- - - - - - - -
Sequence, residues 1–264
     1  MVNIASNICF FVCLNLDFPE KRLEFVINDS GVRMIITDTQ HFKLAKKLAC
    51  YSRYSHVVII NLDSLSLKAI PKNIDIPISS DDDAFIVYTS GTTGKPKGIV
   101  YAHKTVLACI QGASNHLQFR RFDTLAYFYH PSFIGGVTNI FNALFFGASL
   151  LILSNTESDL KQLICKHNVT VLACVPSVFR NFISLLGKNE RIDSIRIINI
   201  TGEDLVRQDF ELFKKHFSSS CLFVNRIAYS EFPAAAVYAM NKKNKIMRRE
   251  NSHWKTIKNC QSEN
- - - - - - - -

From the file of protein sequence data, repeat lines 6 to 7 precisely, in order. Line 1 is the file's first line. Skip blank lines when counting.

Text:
   201  TGEDLVRQDF ELFKKHFSSS CLFVNRIAYS EFPAAAVYAM NKKNKIMRRE
   251  NSHWKTIKNC QSEN